The fonts on your website are the last thing you think about, but the first thing your visitors notice.
A bad font choice can clash with your overall site design and make your text unreadable. On the flip side, a smart use of fonts will quietly communicate your brand, enhance the presentation of your portfolio, and make your target customer instantly feel at home.
You don't have to be a designer to learn the ins-and-outs of picking the best fonts for your website. We'll break it down into four key things to consider when choosing fonts for your website.
If you're new to learning about typography and design, we'll start with a short crash course to get your feet wet. Fonts usually fall under one of these main categories:
Below is a cheat sheet so you can see these in action, complete with some examples of how you can use each type on your website.
A common misconception is that to make text content visually appealing, all you need to do is to put it in a "pretty" font.
However, there's a lot more that goes into it than just selecting a font for your content. It's also important to implement a clear visual hierarchy on your page, especially if the text is long. An easy way to do this is to make sure your page titles are in a larger font size than the other copy on your page. Also break up long paragraphs of text to make it easier to read. You can separate it into columns, or use elements such as bulleted lists.
Did you know that your font choices have the ability to change the impression your website gives your visitors? (Yeah, they're that powerful.)
In fact, most people never think about it, but font choice has the ability to alter the perception visitors have not only of your website, but more importantly, of your brand. That's why a good rule of thumb is to always consider your audience when picking a font. This is true not only for fonts on the web, but in print as well.
For example, if you provide a high-end service for your customers, and you want your website to show that your brand is established and sophisticated, then it's a better idea to use a more timeless Serif font such as "Georgia", than a more casual one like "Confection" as the main font on your website. You can easily see what I mean in the example below.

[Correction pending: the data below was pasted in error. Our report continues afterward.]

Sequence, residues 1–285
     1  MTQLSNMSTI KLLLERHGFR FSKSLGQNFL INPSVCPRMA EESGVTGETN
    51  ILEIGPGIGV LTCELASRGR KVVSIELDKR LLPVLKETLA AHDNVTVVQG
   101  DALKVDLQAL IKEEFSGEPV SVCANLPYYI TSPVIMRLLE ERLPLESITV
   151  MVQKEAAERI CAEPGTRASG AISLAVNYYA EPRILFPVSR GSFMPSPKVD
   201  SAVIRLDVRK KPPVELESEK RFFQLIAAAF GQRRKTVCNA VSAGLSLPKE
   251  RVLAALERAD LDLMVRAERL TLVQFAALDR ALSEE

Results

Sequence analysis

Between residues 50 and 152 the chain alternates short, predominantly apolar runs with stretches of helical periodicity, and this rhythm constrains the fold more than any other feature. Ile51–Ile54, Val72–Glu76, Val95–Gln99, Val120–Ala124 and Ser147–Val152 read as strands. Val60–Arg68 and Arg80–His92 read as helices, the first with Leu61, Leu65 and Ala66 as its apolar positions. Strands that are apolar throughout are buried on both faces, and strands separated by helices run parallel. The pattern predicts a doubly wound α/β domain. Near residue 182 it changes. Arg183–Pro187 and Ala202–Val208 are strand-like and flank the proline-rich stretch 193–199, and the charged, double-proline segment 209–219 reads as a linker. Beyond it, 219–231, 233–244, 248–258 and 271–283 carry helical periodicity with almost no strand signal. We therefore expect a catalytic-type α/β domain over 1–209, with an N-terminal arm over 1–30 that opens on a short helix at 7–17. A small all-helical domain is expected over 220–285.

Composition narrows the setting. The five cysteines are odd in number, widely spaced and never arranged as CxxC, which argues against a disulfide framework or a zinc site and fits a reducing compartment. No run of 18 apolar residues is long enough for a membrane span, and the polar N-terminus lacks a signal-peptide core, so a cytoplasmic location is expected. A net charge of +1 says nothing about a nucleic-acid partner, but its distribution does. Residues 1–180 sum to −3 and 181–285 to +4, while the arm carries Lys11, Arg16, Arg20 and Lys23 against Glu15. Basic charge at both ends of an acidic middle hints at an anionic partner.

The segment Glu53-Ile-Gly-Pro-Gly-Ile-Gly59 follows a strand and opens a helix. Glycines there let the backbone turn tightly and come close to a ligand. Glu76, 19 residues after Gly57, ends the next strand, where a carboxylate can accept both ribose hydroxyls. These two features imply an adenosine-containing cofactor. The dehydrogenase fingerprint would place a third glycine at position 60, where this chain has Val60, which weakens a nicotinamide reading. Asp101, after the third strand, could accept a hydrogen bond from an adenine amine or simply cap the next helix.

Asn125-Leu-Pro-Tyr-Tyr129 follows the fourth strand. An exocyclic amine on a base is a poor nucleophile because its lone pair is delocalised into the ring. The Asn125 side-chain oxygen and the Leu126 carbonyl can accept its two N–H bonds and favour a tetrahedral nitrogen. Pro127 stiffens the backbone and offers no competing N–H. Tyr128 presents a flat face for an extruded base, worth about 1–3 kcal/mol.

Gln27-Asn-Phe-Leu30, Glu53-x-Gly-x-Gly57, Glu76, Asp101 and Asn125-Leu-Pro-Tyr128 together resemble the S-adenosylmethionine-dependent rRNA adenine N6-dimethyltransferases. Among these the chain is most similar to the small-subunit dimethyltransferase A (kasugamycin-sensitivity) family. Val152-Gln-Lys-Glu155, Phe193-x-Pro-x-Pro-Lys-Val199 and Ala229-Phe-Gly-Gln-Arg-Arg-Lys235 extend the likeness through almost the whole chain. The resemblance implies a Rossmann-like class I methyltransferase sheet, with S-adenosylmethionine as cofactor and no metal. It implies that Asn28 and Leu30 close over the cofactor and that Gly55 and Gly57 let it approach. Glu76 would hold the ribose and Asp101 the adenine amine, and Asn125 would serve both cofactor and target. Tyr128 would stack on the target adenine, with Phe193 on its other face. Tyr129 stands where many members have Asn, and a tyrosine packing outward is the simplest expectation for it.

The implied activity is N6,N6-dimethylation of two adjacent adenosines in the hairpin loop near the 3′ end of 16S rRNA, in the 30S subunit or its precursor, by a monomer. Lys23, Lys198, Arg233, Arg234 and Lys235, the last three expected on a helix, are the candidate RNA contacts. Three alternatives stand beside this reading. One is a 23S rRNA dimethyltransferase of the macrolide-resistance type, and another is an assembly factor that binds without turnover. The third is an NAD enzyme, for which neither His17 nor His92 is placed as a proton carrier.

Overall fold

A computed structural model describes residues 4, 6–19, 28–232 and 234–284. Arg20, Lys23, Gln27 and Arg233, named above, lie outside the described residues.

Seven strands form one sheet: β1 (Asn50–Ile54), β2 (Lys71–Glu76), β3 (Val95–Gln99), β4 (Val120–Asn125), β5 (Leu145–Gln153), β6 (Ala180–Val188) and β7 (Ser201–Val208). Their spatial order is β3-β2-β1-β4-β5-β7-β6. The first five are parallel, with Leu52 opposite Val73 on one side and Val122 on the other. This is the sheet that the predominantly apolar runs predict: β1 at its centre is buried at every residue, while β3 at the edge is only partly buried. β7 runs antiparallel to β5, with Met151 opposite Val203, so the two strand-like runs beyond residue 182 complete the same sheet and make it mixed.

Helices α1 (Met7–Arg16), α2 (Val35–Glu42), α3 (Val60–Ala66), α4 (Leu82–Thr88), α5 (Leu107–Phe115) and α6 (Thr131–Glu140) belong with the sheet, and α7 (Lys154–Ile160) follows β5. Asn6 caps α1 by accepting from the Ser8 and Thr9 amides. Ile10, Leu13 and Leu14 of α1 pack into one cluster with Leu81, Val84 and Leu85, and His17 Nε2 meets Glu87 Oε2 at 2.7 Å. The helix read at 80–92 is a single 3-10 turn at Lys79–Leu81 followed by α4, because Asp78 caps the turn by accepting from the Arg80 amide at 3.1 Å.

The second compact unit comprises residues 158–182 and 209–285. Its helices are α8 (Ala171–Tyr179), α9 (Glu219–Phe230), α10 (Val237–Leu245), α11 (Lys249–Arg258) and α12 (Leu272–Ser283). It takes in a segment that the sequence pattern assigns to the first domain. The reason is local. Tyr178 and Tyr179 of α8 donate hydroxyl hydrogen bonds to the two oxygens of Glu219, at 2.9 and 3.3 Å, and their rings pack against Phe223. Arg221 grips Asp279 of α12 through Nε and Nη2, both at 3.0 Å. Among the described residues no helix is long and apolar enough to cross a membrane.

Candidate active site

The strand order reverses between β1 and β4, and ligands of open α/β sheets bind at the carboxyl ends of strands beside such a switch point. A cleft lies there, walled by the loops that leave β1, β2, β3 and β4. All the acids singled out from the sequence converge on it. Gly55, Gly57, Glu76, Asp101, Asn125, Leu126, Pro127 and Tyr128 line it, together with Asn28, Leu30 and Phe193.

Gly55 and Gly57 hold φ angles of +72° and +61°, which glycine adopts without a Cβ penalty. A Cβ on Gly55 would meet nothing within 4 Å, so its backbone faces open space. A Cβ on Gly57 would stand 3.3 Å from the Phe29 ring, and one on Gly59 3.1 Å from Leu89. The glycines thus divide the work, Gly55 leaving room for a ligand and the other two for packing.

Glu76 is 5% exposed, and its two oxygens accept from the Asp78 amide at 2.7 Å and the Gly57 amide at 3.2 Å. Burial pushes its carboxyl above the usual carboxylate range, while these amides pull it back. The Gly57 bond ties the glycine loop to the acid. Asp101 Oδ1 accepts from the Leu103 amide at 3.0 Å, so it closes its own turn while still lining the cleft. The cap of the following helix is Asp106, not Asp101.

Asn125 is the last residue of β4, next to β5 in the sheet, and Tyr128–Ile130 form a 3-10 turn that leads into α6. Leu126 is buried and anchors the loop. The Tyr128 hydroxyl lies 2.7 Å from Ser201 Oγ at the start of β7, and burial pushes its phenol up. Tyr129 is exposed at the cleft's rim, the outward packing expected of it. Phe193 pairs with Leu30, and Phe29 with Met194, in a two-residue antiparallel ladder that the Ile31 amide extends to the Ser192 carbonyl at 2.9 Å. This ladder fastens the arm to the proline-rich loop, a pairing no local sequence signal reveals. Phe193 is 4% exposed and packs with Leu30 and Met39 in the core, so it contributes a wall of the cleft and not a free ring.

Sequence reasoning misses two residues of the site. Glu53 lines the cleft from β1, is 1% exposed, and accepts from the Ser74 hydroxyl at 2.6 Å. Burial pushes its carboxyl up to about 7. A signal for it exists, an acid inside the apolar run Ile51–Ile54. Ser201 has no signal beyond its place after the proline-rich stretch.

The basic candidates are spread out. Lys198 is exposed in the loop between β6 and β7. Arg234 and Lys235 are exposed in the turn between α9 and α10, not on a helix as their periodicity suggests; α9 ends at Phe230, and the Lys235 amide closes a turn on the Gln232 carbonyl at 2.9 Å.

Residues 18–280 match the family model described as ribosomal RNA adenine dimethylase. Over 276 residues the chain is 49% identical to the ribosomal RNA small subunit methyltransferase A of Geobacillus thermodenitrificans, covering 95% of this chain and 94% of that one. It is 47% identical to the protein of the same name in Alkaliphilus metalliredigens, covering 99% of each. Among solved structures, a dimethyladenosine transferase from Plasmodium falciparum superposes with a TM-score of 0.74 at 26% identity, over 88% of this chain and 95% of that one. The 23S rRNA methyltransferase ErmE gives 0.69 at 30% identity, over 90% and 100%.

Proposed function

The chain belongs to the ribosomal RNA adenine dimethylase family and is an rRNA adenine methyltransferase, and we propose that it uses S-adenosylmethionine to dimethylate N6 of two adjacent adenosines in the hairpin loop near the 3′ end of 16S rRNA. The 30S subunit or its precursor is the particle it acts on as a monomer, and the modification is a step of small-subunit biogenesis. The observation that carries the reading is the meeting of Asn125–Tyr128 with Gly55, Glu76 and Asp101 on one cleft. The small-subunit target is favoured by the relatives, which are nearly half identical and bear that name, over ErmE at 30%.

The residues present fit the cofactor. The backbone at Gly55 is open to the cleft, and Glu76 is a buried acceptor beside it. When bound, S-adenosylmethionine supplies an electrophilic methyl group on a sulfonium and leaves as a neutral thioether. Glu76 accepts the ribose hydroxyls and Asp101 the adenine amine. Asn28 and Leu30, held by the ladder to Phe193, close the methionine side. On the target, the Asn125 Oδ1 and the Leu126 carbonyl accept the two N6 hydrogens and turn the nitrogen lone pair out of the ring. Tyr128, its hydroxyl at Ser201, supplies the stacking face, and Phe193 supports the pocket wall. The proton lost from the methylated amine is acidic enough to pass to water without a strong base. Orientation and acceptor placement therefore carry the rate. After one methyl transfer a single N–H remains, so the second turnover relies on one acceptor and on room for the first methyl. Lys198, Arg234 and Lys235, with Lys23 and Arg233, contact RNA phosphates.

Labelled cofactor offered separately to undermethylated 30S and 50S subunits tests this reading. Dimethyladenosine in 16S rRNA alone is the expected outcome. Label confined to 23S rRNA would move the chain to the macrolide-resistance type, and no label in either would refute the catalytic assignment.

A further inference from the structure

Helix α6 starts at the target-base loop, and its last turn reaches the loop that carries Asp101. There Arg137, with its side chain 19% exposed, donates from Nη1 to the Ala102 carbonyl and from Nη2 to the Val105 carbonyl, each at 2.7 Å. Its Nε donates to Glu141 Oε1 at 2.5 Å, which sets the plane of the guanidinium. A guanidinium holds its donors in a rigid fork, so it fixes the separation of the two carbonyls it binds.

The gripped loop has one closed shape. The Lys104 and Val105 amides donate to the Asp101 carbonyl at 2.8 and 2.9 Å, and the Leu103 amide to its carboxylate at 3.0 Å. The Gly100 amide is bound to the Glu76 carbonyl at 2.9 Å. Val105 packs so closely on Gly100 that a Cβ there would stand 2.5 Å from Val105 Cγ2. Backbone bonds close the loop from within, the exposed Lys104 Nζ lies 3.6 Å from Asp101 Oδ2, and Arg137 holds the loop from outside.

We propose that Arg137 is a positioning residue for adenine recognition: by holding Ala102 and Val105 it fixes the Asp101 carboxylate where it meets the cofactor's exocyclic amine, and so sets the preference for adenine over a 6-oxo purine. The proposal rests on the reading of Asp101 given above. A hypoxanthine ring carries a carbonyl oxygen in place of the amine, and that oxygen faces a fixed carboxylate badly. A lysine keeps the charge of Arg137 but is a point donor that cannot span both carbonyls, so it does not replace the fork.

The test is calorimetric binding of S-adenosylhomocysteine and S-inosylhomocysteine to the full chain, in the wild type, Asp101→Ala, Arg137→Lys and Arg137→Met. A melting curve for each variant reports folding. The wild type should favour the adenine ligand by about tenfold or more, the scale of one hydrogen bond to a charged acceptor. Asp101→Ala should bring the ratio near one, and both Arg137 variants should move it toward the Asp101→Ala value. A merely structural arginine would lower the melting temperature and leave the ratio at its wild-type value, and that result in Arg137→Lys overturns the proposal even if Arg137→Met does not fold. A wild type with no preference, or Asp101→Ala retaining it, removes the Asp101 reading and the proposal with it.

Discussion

Every font tends to evoke it's own unique mood. For instance, take a look at the following fonts and how dramatically different messages they can convey to the viewer.
With the variety of fonts available nowadays, more often than not I've seen a great looking website suffers from a case of what I call "Too-Many-Fonts-itis"
That's what happens when too many fonts are fighting for the viewer's attention on a single page. When Too-Many-Fonts-itis occurs, there's no clear visual hierarchy, which leads the viewer to get distracted and eventually leave your site.
That's when it's time to use font pairings.
Font pairings are combinations of fonts that compliment each other. A great way to experiment with font pairing is to check out a font pairing resource, such as the awesome site Type Genius. You can select a starter font from a drop-down menu, then the site generates a font pairing and shows an example screenshot of the pair in action.
In general, the most popular question I've heard asked about fonts on a website is "How many fonts should I have on my site?" My answer is always the same; don't overthink it, and when in doubt, keep it simple. Essentially, if you can use 2 fonts to convey your message clearly instead of 3, then by all means, just use 2. I usually recommend 2-3 fonts at most on a single website.
Last but not least, I want to close with some solid advice. It's always okay to reach out and ask for help if you need it, and use tools to save time. It's always better to work smarter, not harder.
With that said, you can always give our incredibly talented Passionate Support team a call if you have any questions about fonts, or even if you just need a second opinion on what fonts to pair up on your website. No question is too big or too small!
If you're looking for some ways to experiment with font pairings, or want to learn more about fonts, there are lots of awesome (and free) tools out there to help. Below is a list of a few of my favorite resources when it comes to fonts on the web:
I hope these tips help make picking the perfect font for your website less daunting! Do you have a favorite font combination? Let us know in the comments!